• There have been rumblings for months that ESPN was working on a story that focused on Johnson’s mistreatment of employees and would be “extremely unflattering” for Magic, says Sam Amick of The Athletic. However, Johnson denied that was a factor in his decision to step down. “I know that article is not an accurate article. I can tell you that now,” Johnson said, per Bill Oram of The Athletic. “… Now it’s some disgruntled, former Laker employees (talking to reporters). Yeah, they gonna say (what) they gonna say, ‘cause they wasn’t doing their jobs. So what is a person going to do? Point the finger bad about the person who fired them.”

Luke Walton notes/rumors:

  • Luke Walton‘s contract runs for two more years, though 2020/21 is a team option, reports ESPN’s Adrian Wojnarowski (via Twitter). Johnson planned to fire Walton before deciding instead to step down, Wojnarowski adds.
  • Chris Haynes of Yahoo Sports provides additional details on the Walton situation, writing that Magic was displeased with the head coach’s ability to make in-game adjustments and also felt that the coaching staff “lacked the experience and expertise to foster player development.”
  • Sources tell Haynes that Johnson wanted to replace Walton during the season, but Buss was reluctant to do so and didn’t give Magic the go-ahead to make a change until recently. Tyronn Lue, Monty Williams, and Mark Jackson would have been primary targets to replace Walton if Johnson had made a change.
  • During the infamous early-season meeting in which Johnson questioned Walton’s coaching performance, Magic told the head coach to “shut the f— up” at one point when Walton tried to intervene, says Sam Amick of The Athletic.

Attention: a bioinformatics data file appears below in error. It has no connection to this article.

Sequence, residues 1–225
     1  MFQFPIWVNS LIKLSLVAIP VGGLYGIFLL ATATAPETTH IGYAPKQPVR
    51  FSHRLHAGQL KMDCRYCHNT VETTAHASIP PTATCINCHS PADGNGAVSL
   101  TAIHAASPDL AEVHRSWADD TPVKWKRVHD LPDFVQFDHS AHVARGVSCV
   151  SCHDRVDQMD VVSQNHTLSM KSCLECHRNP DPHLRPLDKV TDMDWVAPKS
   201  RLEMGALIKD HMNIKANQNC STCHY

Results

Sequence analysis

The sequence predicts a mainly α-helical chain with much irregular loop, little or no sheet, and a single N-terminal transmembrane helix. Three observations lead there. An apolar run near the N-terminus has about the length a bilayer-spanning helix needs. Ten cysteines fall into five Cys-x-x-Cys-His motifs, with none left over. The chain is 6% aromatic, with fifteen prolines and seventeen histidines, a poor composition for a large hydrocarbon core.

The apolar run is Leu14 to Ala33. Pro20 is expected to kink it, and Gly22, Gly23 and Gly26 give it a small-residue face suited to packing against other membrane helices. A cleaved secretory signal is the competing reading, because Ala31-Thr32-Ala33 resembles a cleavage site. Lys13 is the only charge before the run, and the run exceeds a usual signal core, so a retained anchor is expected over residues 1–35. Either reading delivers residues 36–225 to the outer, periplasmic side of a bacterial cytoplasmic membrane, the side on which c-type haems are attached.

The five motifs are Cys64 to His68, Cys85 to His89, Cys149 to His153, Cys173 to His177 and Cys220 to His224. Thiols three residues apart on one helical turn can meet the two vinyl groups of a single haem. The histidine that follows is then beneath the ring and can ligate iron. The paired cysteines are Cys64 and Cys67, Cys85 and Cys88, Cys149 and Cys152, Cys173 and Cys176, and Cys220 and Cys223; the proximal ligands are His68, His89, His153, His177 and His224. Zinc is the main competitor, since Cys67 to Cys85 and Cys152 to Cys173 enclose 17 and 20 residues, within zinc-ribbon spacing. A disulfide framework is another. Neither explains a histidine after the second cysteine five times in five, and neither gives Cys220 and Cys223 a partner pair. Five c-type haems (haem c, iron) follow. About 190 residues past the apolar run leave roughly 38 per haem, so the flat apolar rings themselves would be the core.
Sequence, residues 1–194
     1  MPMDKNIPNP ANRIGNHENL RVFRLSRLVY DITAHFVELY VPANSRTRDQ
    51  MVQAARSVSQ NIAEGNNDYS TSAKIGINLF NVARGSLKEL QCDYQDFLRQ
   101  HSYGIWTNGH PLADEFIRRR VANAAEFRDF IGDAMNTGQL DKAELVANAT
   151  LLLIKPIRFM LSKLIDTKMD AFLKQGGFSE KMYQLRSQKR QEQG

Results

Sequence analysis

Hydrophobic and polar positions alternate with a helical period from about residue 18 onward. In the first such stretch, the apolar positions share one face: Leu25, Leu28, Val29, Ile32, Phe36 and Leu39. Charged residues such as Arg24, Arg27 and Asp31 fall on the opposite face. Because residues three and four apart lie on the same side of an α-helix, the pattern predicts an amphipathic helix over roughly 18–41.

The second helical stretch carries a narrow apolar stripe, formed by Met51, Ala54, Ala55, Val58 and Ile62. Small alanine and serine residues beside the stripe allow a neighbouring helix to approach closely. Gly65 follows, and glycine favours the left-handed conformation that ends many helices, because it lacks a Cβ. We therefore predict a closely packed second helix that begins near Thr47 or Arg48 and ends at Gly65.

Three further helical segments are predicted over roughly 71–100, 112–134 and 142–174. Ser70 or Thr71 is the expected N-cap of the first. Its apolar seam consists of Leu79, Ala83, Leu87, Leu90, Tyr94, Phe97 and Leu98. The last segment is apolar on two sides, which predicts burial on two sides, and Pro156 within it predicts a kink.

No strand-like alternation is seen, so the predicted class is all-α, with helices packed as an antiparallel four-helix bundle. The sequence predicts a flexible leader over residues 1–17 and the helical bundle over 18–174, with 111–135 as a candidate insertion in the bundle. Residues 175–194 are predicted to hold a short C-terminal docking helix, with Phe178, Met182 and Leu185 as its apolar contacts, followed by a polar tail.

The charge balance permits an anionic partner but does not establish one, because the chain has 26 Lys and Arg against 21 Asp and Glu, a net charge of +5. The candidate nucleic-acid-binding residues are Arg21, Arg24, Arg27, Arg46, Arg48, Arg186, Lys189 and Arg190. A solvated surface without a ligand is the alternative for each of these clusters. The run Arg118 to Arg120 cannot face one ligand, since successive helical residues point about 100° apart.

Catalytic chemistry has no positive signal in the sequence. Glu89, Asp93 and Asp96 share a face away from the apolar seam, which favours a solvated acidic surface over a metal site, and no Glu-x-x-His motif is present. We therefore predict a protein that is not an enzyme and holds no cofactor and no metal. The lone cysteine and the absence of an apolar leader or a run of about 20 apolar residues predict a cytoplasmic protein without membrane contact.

Reactions:

  • Lakers players and coaches were caught off guard by the news of Johnson’s resignation, writes Kyle Goon of The Orange County Register. Walton said he found out about thew news when everyone else did, while Sam Amick of The Athletic confirms that LeBron didn’t know it was coming either. “What shocked me is how everybody else is shocked,” Rajon Rondo said. “Because nobody knew.”
  • Buss and the Lakers are better off without Johnson, Chris Mannix argues in a column for SI.com.
  • In his column for The Los Angeles Times, Bill Plaschke says the manner in which Johnson left the Lakers was as shocking as anything he’s seen during his 25 years covering the team. Plaschke also makes the case that Magic was never all-in on the job.
  • While the Anthony Davis saga wasn’t the main reason for Johnson’s resignation, Pelicans head coach Alvin Gentry couldn’t help but notice that the two heads of basketball operations involved in those trade discussions are now unemployed, as Nick Friedell of ESPN.com details. Gentry said he has never seen a situation as “toxic” as the Davis trade request during his time in the NBA. “Not this toxic, no,” Gentry said. “Not that affected two teams. And two guys. One lost his job, and the other one resigned from his job. So no, in 31 years I hadn’t had anything that would equal this kind of fallout. No, I haven’t.”